Synthetic vision (SV), the database-driven presentation of terrain outside the cockpit, is gaining momentum. Avionics magazine has described development work by Rockwell Collins, Honeywell, BAE Systems (with partner Nav3D) and Boeing. We have covered Chelton and Universal Avionics, both of whom have received FAA certification for general aviation (GA) products. Military and business aviation are the next big opportunities.
Synthetic vision technology clearly could enhance flight safety, as air traffic densities increase. Many questions must be answered, including how to monitor database integrity in real time. But the "all-weather" technology promises to pay its freight by increasing pilot situational awareness, particularly in the initial approach and missed approach phases of flight.
Bizjet original equipment manufacturers (OEMs) have adopted or are adopting infrared (IR) capability (known as enhanced vision) on head-up displays. And their customers are now permitted to reap limited operational benefits. The next step may be to combine SV and IR technologies, head-down. Kollsman recently exhibited an enhanced/synthetic vision system (ESViS) prototype at the National Business Aviation Association show. The company aims to introduce a product in 2007. The time is coming for synthetic vision, enhanced/synthetic vision, and further enhancement of IR-based systems.
BAE Systems sees an opportunity for its millimeter-wave (MMW) radar to complement existing IR systems. The company has developed a method to fuse IR and MMW radar inputs on the head-up display, while presenting synthetic information on a head-down display. It recently demonstrated this, using an SV component by Nav3D, as part of a NASA program. The combination of IR and MMW--with its ability to see through fog--could increase the probability that business aircraft pilots can descend safely to 100 feet above ground level before seeing the runway or approach lights unaided, as FAA now permits them to do. MMW has issues such as antenna size, but promises value.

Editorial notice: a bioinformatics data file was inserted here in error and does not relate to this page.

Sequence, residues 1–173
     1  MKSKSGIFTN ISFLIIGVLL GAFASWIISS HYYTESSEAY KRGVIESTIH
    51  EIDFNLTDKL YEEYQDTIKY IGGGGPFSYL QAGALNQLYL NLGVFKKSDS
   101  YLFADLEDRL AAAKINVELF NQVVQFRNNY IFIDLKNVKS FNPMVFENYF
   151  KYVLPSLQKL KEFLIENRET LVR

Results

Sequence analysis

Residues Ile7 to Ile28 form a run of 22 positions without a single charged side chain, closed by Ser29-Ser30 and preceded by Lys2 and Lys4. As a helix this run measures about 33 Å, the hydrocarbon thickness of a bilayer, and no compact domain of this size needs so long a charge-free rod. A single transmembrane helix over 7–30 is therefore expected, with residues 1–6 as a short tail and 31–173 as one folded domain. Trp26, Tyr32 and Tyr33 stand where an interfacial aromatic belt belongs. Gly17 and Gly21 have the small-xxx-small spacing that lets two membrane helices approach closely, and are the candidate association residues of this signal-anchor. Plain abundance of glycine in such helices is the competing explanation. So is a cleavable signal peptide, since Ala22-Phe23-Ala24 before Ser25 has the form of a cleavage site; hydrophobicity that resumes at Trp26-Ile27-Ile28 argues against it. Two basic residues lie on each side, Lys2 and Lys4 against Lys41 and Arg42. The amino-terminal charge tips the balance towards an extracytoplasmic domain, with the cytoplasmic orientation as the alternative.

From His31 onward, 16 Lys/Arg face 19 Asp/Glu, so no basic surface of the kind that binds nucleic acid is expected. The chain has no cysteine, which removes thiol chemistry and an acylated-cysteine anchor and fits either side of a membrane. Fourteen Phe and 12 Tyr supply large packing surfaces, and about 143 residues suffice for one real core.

BAE foresees SV elements entering the corporate market in the next four to five years, a sentiment echoed by Collins. Honeywell anticipates new entrants in the next two to three years. It stresses SV's boost to situational awareness. Synthetic portrayal of terrain on a primary flight display (PFD)--as Honeywell has shown in concept form--using its time-tested enhanced ground proximity warning system (EGPWS) database, could ease workload by allowing information to be more easily integrated by the pilot. Pilots learn to fly visually and spend 80 to 90 percent of their time flying in visual conditions. SV retains those cues, making it seem natural to fly. (Honeywell is looking at real-time sensors, too.)
Kollsman is also bullish on its planned ESViS product, the current version of which insets and registers an infrared image with a surrounding synthetic image on the PFD. This double presentation allows pilots to compare the two images and spot obstacles on the runway.
Clearly, all this investment anticipates demand, if not now, then in the not too distant future. FAA needs to move ahead to develop guidance for designers of Part 25 avionics in order to avoid case-by-case certifications of technology now in the pipeline. Guidance is "way past due," complains an observer at a major avionics firm. This is not to say FAA is standing still. It has put out a draft advisory circular regarding synthetic vision for Part 23 airplanes.
Developers expect FAA will request RTCA to form a special committee some time this year. Industry experts are volunteering to co-chair this panel, which will craft a consensus-based, minimum operational performance standard (MOPS) that should form a basis for regulatory guidance--a technical standard order (TSO). FAA has expressed interest in doing this. The agency, with NASA's assistance, is preparing to finalize its requirements and may widen the scope to include enhanced vision, too. Let's hope FAA moves ahead with all due speed. The alternative would be for it to work with manufacturers one by one, an expensive and inefficient process fraught with risk.